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We had such a great experience from start to finish, they even stayed 2 hours after closing to get us in the truck we wanted. Best part is they play Christian music and such a great team to work with . Thank you all for the best experience I’ve had with a dealership! Ask for Eric Moore best guy around.
Perfect for an older couple that likes to travel. We have comfort on the road, toughness of a truck along with four wheel drive for any terrain.
I “upgraded” from my RAV4 to the 4 Runner and absolutely love it ! It’s stylish and sporty yet comfortable and very spacious. My Rav is going strong after 12 years and I’m passing it down to the next teen driver in the family!
Uber only accepts payment via credit card, debit card, Paypal and Venmo in Evansville, IN.
Lyft does not offer phone support for riders in Evansville, IN. Only drivers can contact Lyft 24/7, by clicking on the phone icon within the driver app or dialing (888) 981-5226. Riders may contact Lyft by clicking 'help' within the app, or by filling out the contact form at https://help.lyft.com.
Uber riders can schedule their rides up to 30 days prior to pickup. This feature helps riders by providing price guarantees for scheduled trips even if the company introduces new fees or pricing in the meantime.
Uber does not offer phone support for riders in Evansville, IN. Only drivers can contact the Uber helpline at (800) 593-7069. For emergencies, contact 800-353-UBER. You can also click on 'help' within the app to send a message, or by filling out the contact form at https://help.uber.com.
Police allege the driver was Tiffany Pike, 29, of Fargo. They arrested her for DUI.
FARGO — Cell phone video being shared across social media shows a line of damaged parked cars along the 100 block of Broadway in Downtown Fargo early Saturday morning, March 14.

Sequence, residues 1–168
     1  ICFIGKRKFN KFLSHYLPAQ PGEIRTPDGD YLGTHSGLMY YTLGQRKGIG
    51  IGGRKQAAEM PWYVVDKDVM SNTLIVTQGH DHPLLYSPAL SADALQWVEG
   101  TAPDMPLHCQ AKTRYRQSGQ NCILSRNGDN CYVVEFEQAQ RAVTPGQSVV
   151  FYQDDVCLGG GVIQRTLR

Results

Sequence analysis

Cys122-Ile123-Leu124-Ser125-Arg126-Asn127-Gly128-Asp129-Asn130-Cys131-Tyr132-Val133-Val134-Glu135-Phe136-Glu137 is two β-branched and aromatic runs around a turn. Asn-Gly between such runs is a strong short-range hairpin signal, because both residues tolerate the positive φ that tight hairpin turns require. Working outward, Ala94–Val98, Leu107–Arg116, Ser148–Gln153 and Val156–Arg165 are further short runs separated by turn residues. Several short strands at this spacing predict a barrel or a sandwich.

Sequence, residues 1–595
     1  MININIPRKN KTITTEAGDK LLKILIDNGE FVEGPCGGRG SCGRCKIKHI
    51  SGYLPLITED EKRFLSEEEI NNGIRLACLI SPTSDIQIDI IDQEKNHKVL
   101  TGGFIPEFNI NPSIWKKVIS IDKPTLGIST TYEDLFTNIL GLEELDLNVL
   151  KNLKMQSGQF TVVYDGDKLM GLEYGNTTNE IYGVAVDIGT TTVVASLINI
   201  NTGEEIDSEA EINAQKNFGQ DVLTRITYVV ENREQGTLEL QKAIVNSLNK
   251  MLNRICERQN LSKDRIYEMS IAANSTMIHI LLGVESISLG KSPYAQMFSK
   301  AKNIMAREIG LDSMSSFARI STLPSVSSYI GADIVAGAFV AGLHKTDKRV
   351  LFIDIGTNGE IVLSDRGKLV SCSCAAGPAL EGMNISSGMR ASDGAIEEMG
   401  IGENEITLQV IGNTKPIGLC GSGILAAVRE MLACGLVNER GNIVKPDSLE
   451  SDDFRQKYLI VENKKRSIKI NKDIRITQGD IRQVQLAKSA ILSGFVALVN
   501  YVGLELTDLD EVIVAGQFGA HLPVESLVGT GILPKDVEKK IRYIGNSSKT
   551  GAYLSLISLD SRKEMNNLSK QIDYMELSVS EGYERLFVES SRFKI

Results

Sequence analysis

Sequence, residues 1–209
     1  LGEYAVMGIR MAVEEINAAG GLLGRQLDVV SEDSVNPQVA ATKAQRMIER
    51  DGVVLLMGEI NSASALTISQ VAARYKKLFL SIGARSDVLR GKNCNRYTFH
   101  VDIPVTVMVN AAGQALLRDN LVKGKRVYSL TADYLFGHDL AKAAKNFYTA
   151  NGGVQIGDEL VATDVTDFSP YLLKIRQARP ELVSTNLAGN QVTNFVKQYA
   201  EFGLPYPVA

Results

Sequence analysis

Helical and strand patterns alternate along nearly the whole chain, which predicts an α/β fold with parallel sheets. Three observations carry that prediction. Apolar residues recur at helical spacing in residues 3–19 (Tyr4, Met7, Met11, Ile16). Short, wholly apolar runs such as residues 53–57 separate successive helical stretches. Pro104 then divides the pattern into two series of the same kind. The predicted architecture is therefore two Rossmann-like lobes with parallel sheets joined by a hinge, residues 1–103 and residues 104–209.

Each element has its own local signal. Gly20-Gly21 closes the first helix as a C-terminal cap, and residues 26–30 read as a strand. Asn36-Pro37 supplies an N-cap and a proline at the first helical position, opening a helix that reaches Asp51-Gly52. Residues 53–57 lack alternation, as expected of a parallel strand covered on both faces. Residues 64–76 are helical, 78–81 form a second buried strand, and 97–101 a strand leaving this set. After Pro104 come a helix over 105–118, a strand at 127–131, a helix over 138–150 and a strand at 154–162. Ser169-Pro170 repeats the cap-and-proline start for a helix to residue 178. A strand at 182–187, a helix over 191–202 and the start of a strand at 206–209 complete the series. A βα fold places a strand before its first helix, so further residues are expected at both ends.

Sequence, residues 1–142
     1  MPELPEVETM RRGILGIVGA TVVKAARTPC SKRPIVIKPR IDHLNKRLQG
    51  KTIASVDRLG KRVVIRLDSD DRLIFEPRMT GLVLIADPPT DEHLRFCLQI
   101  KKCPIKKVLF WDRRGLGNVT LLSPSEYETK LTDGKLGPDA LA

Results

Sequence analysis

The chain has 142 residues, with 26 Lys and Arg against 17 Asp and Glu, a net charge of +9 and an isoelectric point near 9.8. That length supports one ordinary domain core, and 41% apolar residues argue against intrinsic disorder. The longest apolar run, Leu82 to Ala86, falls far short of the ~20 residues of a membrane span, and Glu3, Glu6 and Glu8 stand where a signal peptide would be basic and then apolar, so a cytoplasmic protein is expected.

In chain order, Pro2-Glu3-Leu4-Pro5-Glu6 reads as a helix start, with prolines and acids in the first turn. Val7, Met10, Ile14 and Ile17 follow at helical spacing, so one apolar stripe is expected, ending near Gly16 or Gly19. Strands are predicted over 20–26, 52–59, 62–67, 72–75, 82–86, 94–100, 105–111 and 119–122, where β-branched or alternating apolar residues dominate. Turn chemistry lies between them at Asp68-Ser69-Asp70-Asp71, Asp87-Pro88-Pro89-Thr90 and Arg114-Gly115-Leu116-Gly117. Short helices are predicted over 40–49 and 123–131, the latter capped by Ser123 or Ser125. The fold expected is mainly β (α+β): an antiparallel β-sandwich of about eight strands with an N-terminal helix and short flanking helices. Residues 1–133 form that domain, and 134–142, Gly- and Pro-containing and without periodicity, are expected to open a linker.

Fargo Police Lt. George Vinson said officers were sent there at 1:43 a.m. Bystanders told officers, they saw a single driver hitting several parked and unoccupied cars. Police say no one was hurt in this crash.
Pike was not in jail as of Monday afternoon, according to Cass County jail staff. She is due back in court on March 25.
Why has “Parents” generated this response? Is it the movie’s biting revelation of cultural and class hostilities, the undercurrent that fuels much of the humor? Is it Stiller and De Niro? Is it director Jay Roach--who has now hit the comedy jackpot three times, with “Parents” and the two “Austin Powers” movies? Is it the writers, credited (Jim Herzberg, John Hamburg) or not? Is it the Universal Studios marketers, who have been involved in more hits this year than any other studio team?
There are some experiences so horrendous--yet so commonplace--that they strikeuniversal chords. Living through them may be a pain, but remembering them afterward can raise both shivers and rueful chuckles, a sense that you’ve joined some vast club with a secret worldwide membership.
Obviously, it’s all of those and more--including the now sadly neglected director-writer-star and co-writer-co-star of the original “Meet the Parents”: Chicagoans Glienna and Clarke. They made the first low-budget version of this movie in 1992 to local acclaim, sought and failed to get national distribution, and then sold their property. Though the situation and many of the jokes remain the same, the original creators failed to get even co-writer credit on the movie because--in one of those famous maddeningly illogical Writers Guild rulings--their first screenplay for the De Niro-Stiller film was deemed an adapted screenplay, even though the script they had adapted was their own.
There’s More Than Meets the Eye